But that doesn't mean I have to like it.

I have friends who adore revision. My friend Katie, who works at the
newspaper I left two years ago to have a baby, said she really enjoys
going back over her text, again and again, to make it sparkle. My
author friend Jon blogs pretty often about his revision process, with
the kind of enthusiasm most people reserve for high-intensity sports
or really great meals. To my mind, he might as well be raving about
scrubbing the toilet. But his books get published and favorably
reviewed, so I try to evoke him when I sit down to do the deed myself.

Of course, I also keep Anne Lamott in the back of my mind, and her
advice about “shitty first drafts,” as she put it in Bird By
: “For me and most of the other writers I know, writing is not
rapturous. In fact, the only way I can get anything written at all is
to write really, really shitty first drafts. … All good writers write
them. This is how they end up with good second drafts and terrific
third drafts.”

Right now I am revising my most recent book, a nonfiction guide for
parents to the most controversial teen influences: violent video
games, the occult, heavy metal, and so on. Everything you've been told
will make your kid homicidal or suicidal. I wrote it during the second
year of my daughter's life, through sleep deprivation and tantrums and
shifting nap schedules, stealing time when I could.

At first, I was impressed that someone as tired as I was could string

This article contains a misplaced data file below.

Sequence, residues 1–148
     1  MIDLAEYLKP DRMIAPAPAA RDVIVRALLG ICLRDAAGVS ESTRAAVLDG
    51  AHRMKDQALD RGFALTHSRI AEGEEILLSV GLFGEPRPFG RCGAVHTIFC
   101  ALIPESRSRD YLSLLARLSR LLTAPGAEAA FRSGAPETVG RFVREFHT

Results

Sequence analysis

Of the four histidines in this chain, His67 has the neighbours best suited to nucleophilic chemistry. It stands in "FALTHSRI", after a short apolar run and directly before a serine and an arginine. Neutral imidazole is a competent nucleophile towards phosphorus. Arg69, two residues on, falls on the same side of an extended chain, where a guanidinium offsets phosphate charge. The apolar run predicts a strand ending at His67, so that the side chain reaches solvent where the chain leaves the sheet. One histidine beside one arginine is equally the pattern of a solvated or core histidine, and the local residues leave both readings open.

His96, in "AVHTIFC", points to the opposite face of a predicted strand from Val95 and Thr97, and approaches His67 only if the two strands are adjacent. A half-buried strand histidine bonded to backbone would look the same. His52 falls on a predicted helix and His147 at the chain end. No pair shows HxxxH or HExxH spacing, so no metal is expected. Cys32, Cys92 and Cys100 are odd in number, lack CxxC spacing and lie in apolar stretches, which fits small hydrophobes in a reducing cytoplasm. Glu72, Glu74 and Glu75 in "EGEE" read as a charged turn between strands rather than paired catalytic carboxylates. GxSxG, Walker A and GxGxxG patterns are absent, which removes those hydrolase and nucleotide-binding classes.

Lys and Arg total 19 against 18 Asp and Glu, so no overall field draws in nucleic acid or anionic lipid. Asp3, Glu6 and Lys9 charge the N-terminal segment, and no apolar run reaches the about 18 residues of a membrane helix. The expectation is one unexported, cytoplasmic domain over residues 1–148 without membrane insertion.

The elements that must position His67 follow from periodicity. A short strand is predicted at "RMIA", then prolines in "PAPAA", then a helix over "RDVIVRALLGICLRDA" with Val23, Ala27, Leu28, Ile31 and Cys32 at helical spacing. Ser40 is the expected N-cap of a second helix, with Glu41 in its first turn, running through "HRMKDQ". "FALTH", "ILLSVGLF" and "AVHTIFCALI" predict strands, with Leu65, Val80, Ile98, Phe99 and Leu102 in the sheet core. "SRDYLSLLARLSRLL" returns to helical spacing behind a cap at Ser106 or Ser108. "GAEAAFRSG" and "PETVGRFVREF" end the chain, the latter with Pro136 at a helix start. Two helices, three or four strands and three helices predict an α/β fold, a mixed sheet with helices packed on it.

coherent sentences together, let alone compose 90,000 words of mostly
intelligent prose. In fact, my first impression of the finished draft
was that it read like it was written by someone with many more
functioning brains cells than I have. I allowed myself be impressed
for a little while.

But then I sat down to revise it, and I wanted to put my head in the
compost bin. This was after I let several editor friends read
sections of it and provide feedback. I thought I was composing
readable, approachable prose. Instead, I was writing sentences such,
“If you're worried or even frightened about the music you hear blaring
out of your teenager's bedroom – or the names and symbols you see on album covers, posters, and t-shirts – then the last thing you probably want to do is pay more attention to them.”

Oh, there's nothing technically wrong with it. It's grammatically
correct. It makes a point. It's just that it goes on. And on. And on.
Other sections of the book have sentences like this one, only they're
weighed down with long, academic words that made even my editor
friends chafe. If they couldn't sit through it, I can't expect
heartland parents to pick up the book.

I've already taken one pass through most of the book, doing what I